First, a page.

Art Review

From Russia, With Love

Arcady Kotler: Sculpting the Void

Innovative artist Arcady Kotler is not associated with any particular creed, religion, or tradition, but excludes none. At the core of his works lies a profound sense of intimacy that hopefully initiates a dialog, for which the artist always longs.  Kotler's work presents the evolution of a concept bearing form: from elaborately adorned yet impeccably harmonious ("Clothed Maja") to minimalist, with a strong reference to Russian supremacy; in "The Red Square" [left], the rigid geometry of a square intrudes on the organic form of the intentionally excessively decorated Russian nesting doll. It feels as if complexity has reached its limit and collapsed into the simplicity of the red square.

A matryoshka is a traditional Russian toy, the skill level of which rests on the number of nesting dolls it consists of. The last and smallest doll of Arcady's matryotshka is not hollow. It is solid.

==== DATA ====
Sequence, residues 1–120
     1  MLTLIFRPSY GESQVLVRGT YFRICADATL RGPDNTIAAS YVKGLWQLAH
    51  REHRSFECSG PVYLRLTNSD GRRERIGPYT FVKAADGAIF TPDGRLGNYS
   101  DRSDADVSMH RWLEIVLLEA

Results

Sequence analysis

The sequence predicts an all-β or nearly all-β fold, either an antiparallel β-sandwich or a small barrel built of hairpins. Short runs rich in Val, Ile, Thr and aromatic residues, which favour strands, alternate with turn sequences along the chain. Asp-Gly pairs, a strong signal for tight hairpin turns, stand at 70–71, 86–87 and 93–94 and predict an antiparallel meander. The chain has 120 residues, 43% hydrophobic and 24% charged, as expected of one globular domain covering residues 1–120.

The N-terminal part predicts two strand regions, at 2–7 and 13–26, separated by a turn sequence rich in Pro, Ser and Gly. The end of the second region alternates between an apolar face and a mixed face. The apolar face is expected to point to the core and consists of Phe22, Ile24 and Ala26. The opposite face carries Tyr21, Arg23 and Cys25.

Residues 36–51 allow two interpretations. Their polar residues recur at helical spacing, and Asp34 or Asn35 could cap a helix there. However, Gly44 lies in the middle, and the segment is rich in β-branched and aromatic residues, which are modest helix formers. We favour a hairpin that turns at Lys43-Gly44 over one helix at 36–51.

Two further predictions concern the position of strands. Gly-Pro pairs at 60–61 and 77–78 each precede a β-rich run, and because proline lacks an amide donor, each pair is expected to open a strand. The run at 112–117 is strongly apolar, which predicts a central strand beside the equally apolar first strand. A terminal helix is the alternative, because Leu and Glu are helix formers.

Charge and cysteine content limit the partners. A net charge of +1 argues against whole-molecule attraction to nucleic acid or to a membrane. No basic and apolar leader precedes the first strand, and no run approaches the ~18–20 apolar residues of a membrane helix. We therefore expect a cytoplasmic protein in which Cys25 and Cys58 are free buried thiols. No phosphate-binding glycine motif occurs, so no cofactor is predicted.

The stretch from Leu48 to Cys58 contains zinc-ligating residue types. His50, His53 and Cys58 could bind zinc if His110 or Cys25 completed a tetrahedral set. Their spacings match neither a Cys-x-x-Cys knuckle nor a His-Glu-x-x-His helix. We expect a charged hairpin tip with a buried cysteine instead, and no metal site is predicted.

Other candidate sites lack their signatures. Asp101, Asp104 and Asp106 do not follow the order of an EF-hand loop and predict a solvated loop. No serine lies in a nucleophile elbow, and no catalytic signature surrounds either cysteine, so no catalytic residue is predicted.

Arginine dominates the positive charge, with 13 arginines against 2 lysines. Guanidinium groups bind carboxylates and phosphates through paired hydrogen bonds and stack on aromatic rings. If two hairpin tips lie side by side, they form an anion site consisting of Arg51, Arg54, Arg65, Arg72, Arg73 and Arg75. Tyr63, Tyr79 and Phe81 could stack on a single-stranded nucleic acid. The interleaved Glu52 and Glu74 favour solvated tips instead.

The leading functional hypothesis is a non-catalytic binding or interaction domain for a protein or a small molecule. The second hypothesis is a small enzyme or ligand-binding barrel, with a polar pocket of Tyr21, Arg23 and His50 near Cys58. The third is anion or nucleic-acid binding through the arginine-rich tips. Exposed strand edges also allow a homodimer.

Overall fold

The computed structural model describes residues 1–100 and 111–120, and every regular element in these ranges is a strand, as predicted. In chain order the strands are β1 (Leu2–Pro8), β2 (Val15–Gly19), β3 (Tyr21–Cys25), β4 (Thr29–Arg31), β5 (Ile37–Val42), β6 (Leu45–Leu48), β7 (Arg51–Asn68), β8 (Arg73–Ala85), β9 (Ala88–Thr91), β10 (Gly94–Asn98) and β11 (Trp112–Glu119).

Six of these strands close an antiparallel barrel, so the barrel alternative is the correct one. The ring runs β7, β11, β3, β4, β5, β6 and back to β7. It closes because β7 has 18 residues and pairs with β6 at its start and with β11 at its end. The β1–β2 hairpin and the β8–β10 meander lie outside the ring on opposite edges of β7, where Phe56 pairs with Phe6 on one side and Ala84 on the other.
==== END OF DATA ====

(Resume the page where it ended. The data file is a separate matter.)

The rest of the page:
StimULAting Texts

Breathtaking and horrifying, Hurricane Sandy's devastating aftermath left many speechless and others still talking. "Go Home Sandy," "Boo! Go Away Sandy We Want Candy," "Better Safe than Sandy," and a slew of other witty taunts graffitied onto boarded windows and doors tried to disguise mass fear. Hundreds of 3x3 white hate-notes with brief messages to Sandy veiled shop windows in New York City. Written in different languages, the sentiment was the same. The superstormdid not discriminate, decimating already poverty-stricken and economically challenged islands including Cuba and Haiti but also sweeping away multi-million dollar homes along the gold coast of New Jersey, New York, and Connecticut.

Master of Puppets

Bjarne Melgaard: A New Novel by Bjarne Melgaard
Luxembourg & Dayan
Through December 22, 2012